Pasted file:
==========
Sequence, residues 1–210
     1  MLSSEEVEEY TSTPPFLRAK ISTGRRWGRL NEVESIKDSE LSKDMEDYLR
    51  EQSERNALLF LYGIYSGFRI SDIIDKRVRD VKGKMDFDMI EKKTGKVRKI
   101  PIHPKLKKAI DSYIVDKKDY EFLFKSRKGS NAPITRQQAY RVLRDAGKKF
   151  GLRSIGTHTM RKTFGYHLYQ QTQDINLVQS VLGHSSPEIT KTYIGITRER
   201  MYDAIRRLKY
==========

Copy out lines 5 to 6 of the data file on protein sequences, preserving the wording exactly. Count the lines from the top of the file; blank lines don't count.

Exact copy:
   151  GLRSIGTHTM RKTFGYHLYQ QTQDINLVQS VLGHSSPEIT KTYIGITRER
   201  MYDAIRRLKY